iFi ZEN CAN headphone amplifier & ZEN DAC Signature V2 D/A processor Review

January 24, 2022 § Leave a comment

https://www.stereophile.com/content/ifi-zen-can-headphone-amplifier-zen-dac-signature-v2-da-processor

I was surprised that these ZEN Signature sets, used as directed, produced too much volume with the recommended headphones. Once that was fixed, with the iFi iEMatch attenuator, the ZEN Signature sets delivered highly resolved, clean, pristine, dynamic sound. The amplifiers are powerful. Backgrounds black as a new-moon nighttime sky brought musical details to the foreground. These two components sounded more expensive than they are and offer impressive sound quality—and a bit of style—for not a lot of money.

Pro-Ject Debut PRO record player Review

January 24, 2022 § Leave a comment

https://www.stereophile.com/content/pro-ject-debut-pro-record-player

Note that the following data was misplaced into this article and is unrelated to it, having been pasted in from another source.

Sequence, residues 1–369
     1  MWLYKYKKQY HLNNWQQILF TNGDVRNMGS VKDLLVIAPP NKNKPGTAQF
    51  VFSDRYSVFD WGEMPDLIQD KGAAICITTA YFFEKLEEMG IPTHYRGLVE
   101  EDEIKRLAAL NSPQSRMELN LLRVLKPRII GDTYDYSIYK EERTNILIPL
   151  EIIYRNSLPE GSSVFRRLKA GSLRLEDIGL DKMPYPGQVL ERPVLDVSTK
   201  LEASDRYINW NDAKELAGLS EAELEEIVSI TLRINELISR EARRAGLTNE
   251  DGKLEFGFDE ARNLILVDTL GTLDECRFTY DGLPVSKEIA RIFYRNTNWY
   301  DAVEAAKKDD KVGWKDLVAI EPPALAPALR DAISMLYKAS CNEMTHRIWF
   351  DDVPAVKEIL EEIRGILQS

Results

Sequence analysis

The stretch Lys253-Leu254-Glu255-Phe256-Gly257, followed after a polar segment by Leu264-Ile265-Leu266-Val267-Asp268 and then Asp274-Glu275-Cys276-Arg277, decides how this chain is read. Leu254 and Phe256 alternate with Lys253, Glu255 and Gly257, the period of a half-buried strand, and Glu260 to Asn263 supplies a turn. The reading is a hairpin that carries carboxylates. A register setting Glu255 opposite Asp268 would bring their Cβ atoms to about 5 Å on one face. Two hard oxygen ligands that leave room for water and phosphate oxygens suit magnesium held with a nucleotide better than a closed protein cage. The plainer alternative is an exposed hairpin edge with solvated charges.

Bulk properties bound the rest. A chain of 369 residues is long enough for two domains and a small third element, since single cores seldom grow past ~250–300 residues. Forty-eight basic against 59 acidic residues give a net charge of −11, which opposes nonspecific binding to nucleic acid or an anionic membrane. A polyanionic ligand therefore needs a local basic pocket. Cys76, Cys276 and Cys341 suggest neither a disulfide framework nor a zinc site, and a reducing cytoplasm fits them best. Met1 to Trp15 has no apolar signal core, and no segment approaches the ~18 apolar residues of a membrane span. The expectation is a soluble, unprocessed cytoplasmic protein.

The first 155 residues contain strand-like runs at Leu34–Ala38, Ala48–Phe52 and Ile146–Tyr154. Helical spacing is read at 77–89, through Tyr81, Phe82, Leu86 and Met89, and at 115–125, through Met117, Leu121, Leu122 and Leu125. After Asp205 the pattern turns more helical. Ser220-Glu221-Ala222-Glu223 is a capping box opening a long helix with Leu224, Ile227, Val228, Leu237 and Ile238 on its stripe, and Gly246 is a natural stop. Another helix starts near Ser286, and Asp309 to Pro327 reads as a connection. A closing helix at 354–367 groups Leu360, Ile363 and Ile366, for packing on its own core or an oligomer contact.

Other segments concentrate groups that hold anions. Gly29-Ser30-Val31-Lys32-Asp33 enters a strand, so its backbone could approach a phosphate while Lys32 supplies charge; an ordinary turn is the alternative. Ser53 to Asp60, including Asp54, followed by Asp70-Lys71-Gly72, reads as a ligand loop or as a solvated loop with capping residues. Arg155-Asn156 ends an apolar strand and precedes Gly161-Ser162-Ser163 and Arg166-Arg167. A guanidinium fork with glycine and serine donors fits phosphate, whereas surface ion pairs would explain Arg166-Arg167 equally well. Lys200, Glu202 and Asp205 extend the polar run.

The Pro-Ject Debut PRO looks classy, minimalist, unassuming. It’s available in just one color: black. An aluminum toggle switch on its front left corner turns it on and off and selects the rotation speed: left for 33 1/3 rpm; right for 45 or 78rpm, depending on the belt fitted and the pulley used. On the back panel, there’s a grounding screw, a pair of gold-plated RCA jacks—a 1m pair of Pro-Ject manufactured copper interconnects is supplied—and a power receptacle. By default, that receptacle connects to a “universal” (multivoltage, multifrequency) power supply. The Power Box DS2 is available as an upgrade. Support is provided by those height-adjustable feet, which are PTE-damped, nickel-coated aluminum.